Tests have found coal ash contamination in the groundwater at nine Tennessee Valley Authority power plants, including two sites where investigators say the pollution could pose a health hazard.

As The Tennessean reports, the TVA’s Office of Inspector General discovered groundwater contamination at all but one of the 10 plants it assessed.

The inspector general’s assessment pointed in particular to the contamination at the Gallatin and Cumberland power plants in Tennessee. Excessive levels of arsenic and other toxic metals from coal ash were detected at Cumberland, 50 miles northwest of Nashville, while beryllium, cadmium and nickel were discovered at Gallatin.

In addition, the inspector general said that TVA officials for more than 10 years have found indications that toxic metals could be leaking from a coal ash pond at the authority’s Allen plant. Arsenic above currently allowable levels was found repeatedly in a monitoring well at the site, which lies above a deep, high-quality aquifer that supplies drinking water to Memphis and nearby areas.

That revelation surprised Chuck Head, a senior official with the Tennessee Department of Environment and Conservation.

“I was not aware of this until today,” he said, after The Tennessean provided a copy of the TVA report. “We would obviously have liked them to report it to us when they found the arsenic.”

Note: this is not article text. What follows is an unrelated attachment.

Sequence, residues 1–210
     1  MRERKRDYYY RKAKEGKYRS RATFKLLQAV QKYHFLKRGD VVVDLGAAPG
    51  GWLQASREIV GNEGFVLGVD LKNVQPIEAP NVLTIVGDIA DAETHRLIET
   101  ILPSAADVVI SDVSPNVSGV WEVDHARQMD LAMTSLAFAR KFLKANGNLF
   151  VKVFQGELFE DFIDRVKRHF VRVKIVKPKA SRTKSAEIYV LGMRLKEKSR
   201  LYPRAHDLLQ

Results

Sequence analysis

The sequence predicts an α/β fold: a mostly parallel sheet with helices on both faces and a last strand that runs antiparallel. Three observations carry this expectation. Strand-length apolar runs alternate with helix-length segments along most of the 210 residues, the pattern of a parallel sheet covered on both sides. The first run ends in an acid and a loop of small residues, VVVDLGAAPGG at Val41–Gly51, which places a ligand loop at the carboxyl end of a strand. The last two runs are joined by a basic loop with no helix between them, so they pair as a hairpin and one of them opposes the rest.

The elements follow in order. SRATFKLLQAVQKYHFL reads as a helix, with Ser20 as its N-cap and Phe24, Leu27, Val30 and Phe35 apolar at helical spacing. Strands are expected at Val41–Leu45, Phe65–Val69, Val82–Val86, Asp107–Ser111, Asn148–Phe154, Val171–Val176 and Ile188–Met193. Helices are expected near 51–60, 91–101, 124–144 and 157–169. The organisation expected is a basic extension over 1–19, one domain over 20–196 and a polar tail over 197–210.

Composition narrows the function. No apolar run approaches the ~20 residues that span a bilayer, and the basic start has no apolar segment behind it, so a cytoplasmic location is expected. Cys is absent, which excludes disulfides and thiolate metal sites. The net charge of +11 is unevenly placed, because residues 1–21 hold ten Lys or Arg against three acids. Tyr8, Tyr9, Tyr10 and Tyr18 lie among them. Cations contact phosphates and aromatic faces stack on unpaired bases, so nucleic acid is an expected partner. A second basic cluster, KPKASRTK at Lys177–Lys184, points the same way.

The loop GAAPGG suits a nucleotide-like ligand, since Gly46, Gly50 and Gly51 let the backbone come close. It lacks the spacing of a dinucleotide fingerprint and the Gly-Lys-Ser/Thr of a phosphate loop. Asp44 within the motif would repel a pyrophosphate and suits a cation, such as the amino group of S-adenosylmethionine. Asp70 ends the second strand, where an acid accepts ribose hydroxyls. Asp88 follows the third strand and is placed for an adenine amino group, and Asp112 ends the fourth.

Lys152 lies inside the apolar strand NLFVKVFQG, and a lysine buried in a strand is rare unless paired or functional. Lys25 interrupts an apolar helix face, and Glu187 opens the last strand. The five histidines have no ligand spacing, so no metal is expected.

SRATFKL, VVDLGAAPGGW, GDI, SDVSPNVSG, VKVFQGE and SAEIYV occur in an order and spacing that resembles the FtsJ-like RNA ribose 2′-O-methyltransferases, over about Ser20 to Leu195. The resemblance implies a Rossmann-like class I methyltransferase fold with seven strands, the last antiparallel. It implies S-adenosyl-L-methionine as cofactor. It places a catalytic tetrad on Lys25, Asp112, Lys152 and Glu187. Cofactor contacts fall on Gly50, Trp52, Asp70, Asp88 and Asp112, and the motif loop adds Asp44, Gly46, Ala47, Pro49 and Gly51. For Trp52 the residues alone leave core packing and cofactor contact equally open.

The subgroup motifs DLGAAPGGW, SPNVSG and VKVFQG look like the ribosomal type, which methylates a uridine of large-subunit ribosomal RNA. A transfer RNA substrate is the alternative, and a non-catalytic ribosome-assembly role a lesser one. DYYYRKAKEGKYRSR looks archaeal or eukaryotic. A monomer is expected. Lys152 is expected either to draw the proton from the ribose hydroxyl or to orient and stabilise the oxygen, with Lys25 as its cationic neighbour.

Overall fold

A TVA spokeswoman told the newspaper in an email that, at the time of the testing at Allen, the contamination levels were within limits set by the Environmental Protection Agency for drinking water.

However, the inspector general’s report said that arsenic levels exceeded a tighter standard later adopted by the EPA.

The ash from coal-burning power plants contains a variety of heavy metals in low concentrations. Without proper controls, they can leach into groundwater and pollute drinking water, posing “significant public health concerns,” according to the EPA.

Since at least the 1980s, amid increasing cases of coal ash contamination, environmentalists have pressed for tougher regulation.

Related Posts:
Website in Favor of Coal Ash Burns EPA’s Inspector General